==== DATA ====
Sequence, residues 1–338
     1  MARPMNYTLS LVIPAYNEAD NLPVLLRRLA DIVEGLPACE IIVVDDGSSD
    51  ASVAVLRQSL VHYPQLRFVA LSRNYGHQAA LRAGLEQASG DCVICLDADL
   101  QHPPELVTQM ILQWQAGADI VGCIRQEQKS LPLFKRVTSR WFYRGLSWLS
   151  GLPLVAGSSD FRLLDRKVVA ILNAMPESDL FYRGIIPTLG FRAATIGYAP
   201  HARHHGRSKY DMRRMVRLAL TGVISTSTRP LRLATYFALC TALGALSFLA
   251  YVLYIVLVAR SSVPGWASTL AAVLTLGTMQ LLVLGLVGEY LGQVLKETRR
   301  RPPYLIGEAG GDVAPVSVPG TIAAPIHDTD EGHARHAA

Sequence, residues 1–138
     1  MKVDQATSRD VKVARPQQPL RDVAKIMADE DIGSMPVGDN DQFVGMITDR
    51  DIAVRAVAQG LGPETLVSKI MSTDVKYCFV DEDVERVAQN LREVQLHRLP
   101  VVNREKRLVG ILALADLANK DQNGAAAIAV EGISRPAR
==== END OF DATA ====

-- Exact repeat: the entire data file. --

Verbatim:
Sequence, residues 1–338
     1  MARPMNYTLS LVIPAYNEAD NLPVLLRRLA DIVEGLPACE IIVVDDGSSD
    51  ASVAVLRQSL VHYPQLRFVA LSRNYGHQAA LRAGLEQASG DCVICLDADL
   101  QHPPELVTQM ILQWQAGADI VGCIRQEQKS LPLFKRVTSR WFYRGLSWLS
   151  GLPLVAGSSD FRLLDRKVVA ILNAMPESDL FYRGIIPTLG FRAATIGYAP
   201  HARHHGRSKY DMRRMVRLAL TGVISTSTRP LRLATYFALC TALGALSFLA
   251  YVLYIVLVAR SSVPGWASTL AAVLTLGTMQ LLVLGLVGEY LGQVLKETRR
   301  RPPYLIGEAG GDVAPVSVPG TIAAPIHDTD EGHARHAA

Sequence, residues 1–138
     1  MKVDQATSRD VKVARPQQPL RDVAKIMADE DIGSMPVGDN DQFVGMITDR
    51  DIAVRAVAQG LGPETLVSKI MSTDVKYCFV DEDVERVAQN LREVQLHRLP
   101  VVNREKRLVG ILALADLANK DQNGAAAIAV EGISRPAR